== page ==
Shoreline Response of Northern New Jersey Barrier Systemby Laurel T. Gorman, US Army Corps of Engineer, United States,
David W. Reed, US Army Corps of Engineer, United States,
Abstract: The barrier island system along northern New Jersey coastline was evaluated for changes in shoreline trends, based on recent shoreline mapping and in support of U.S. Army Engineer, New York District shore protection projects. The study area encompasses three geomorphic compartments that include: an active, compound spit between Sandy Hook to Sea Bright; historic barrier peninsula between Sea Bright to Monmouth Beach; and a headland coastline between Monmouth Beach to Shark River Inlet. A shoreline data base that included 11 surveys dating 1853-1985 was established to analyze average shoreline change, maximum shoreline change, and standard deviation over spatial and temporal scales. During the 149-year study period, the shoreline retreated at a mean rate of 0.8 m/year. The general pattern of recent shoreline movement and sediment distribution appears to respond to several factors: sediment starvation, increase in storm activity, relative rise in sea level, construction of coastal structures, net northerly littoral drift, and offshore transport. Commercial development in this highly populated area has had an important role in the shoreline evolution of this complex barrier island chain.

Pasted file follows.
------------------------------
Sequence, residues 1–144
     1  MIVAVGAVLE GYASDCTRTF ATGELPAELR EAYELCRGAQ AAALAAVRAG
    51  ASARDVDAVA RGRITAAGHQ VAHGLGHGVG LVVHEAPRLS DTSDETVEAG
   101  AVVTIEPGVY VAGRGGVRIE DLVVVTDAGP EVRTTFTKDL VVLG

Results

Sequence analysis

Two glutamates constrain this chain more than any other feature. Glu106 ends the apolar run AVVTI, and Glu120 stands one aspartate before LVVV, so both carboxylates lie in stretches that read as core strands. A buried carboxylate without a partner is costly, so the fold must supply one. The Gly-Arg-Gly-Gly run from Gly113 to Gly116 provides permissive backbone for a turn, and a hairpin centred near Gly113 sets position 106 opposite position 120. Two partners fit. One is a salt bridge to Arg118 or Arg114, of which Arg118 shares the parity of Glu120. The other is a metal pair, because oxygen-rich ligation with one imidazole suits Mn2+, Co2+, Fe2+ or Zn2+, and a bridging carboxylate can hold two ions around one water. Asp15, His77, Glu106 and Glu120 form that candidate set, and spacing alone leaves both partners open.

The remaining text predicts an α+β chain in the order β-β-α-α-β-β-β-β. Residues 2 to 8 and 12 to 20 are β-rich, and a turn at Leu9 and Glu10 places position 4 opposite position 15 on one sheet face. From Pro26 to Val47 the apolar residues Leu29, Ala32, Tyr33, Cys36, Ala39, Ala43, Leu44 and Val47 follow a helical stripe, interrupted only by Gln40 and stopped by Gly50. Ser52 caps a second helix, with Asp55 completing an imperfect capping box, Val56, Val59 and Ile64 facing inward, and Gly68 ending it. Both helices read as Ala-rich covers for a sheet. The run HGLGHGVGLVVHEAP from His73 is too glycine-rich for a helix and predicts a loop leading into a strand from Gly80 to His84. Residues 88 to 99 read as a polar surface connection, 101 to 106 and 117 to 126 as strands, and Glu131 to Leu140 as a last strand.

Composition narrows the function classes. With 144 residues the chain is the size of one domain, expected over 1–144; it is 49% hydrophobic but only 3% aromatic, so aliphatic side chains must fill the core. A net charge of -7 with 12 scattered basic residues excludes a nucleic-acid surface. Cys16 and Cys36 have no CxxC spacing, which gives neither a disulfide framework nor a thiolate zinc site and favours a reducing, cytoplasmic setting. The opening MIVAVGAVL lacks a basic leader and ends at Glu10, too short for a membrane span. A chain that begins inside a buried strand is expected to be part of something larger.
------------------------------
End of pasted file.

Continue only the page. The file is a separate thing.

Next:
Subject Headings: Shoreline | Barrier islands | Littoral drift | Sediment transport | Coastal management | Spits (landform) | North America | United States | New Jersey | New York
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